Fortress of Solitude
The best books, even when they take place in one location, take us on a journey to a new place, a place we might long to visit, but are unable to access. Ever since I was became aware of the existence of a fire lookout tower in the Catoctin Mountains near my high school (and on the path the presidential helicopters flew to reach Camp David) I’ve dreamed of spending my days perched high above a forest, though the closest I ever got was an afternoon visit. So I read Philip Connor’s “Fire Season: Field Notes from a Wilderness Lookout” like I would read a travelogue, an insight into the workings of an elite club that few of us will join.
The book is based on a deceptively simple premise. Connors, a fire lookout on the Gila National Forest for more than 15 years, chronicles a season living in a 50-square-foot tower six stories above the ground. From his perch on top of a mountain he scans the fire-prone forest, watching for the smoke signals that could herald the beginning of a major conflagration. He watches, assesses and reports; he’s the first line of defense against a potentially catastrophic wildfire.
To slot this book into the “Year of…living spiritually, traveling in Italy, simple living, etc.” genre is unfair. Connors is an astute observer of his surroundings, a former Wall Street Journal editor who chucked the daily urban tread in favor of six months in the wilderness every year. His solitude and questioning mind lead to a story that incorporates the day-to-day challenges of a fire lookout, but also includes ruminations on the evolution of naturalist thought and writing, the failed fire policy in the United States and the natural ecology of the wilderness he overlooks.
To be disconnected in this day and age is a rarity, and for Connor, a pleasure. “Up here I’m not a six-foot-tall billboard or a member of a coveted demographic; I’m a human being, and as such I find it restorative to be in the presence of certain mysteries our species once knew in its bones, mysteries ineffable and unmediated.” Connor dives into his unusual circumstances with gusto, clarity and thoughtfulness; we’re lucky that he’s chosen to take us along with him.
If a Tree Falls: The Story of Earth Liberation Front
In 2007, Forest Magazine reported on the aftermath of a 1996 arson that destroyed the Oakridge Ranger Station. The documentary, If a Tree Falls: The Story of the Earth Liberation Front, expands the story by focusing on Daniel McGowan and other arsonists who were arrested in a federal sweep in 2007. This documentary is worth watching—the film maker captures compelling voices from all sides of the debate. The presentation of McGowan as an idealistic youth gone briefly astray feels disingenuous—he shows more remorse for the fact that he was captured on tape talking about the crimes to an informant than for the acts themselves—but the question of whether or not the term "terrorist" should apply to these eco-saboteurs remains. Check your public television station for broadcast times, or watch online through October 13.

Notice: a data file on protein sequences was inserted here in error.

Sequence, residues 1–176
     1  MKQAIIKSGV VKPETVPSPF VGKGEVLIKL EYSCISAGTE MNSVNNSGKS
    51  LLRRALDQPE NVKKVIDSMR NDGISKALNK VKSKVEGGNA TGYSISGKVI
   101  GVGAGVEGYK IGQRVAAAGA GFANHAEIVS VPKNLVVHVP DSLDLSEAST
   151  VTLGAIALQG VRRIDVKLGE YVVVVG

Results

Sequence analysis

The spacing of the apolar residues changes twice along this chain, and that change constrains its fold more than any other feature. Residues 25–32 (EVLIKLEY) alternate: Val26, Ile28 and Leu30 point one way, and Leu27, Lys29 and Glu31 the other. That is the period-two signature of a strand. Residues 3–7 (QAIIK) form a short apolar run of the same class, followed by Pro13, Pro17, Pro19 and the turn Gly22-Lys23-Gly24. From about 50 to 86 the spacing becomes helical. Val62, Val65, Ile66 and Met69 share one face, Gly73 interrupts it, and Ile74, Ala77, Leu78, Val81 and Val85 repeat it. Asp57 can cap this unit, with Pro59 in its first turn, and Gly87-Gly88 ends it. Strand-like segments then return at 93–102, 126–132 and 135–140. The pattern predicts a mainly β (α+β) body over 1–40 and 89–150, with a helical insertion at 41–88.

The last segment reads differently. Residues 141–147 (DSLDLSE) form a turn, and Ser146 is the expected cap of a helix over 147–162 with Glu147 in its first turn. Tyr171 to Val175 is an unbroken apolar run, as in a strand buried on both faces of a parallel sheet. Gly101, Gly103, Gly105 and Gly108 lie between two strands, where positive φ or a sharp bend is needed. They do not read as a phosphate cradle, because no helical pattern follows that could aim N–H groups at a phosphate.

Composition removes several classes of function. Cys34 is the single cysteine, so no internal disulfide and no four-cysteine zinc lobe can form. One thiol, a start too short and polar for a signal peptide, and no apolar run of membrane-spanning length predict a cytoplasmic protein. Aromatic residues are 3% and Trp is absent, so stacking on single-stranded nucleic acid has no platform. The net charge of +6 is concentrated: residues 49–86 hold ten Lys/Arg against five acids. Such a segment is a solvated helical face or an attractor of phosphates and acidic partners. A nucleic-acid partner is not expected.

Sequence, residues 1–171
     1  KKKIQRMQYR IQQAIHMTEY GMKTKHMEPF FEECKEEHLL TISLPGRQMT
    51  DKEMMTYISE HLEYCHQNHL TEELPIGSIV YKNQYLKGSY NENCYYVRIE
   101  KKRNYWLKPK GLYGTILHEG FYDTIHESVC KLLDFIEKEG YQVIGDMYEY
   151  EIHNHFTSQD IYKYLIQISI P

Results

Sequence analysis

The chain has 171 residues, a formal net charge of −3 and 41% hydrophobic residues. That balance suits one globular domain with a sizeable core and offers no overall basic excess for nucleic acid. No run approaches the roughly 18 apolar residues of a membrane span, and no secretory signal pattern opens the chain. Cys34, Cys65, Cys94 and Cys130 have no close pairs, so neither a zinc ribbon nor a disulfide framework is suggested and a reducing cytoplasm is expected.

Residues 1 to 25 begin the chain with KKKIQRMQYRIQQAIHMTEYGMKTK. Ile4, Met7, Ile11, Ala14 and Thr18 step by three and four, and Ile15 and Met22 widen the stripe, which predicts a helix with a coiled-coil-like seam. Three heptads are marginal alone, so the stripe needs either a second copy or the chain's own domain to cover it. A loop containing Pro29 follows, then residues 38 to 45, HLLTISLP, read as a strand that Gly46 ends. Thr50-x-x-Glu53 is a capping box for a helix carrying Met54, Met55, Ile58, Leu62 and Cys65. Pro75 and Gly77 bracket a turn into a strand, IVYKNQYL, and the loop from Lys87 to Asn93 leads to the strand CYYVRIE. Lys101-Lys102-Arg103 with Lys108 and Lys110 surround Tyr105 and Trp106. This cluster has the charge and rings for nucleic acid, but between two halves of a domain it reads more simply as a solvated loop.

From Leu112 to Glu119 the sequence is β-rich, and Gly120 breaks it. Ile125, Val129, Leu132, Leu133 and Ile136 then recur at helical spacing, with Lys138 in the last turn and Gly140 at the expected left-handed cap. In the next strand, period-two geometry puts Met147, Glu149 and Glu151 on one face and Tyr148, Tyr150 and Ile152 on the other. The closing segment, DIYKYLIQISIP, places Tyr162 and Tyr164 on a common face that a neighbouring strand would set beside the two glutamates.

Another Way the River Has
My neighbor grew up in Forks, Washington. As a teenager in the 1980s, she and her friends cruised logging roads with a spotted owl effigy tied to the antennae of their jeep. I picture them whooping and hollering, swilling swiped bottles of whiskey—though I don’t think she included that in her description—and shouting curses at the tree-huggers who were attacking the only life they had known. My friend is now about the last person you could picture protesting environmental laws–she's more a left-wing, counter-culture type–but I have no trouble imagining the outrage and fear that arose in that outpost to nowhere when the preservation of a small owl threatened the timber jobs that pumped blood into the heart of the local economy.
The first story in Robin Cody’s collection of essays, Another Way the River Has (Oregon State University Press, 2010) follows the owner of an Oregon logging operation through a typical day. In the pre-dawn hours, the workers chew the fat at a diner, griping about the state of the industry and environmental laws (“It’s got so a man can’t pee in the woods anymore without filing an Environmental Impact Statement.”)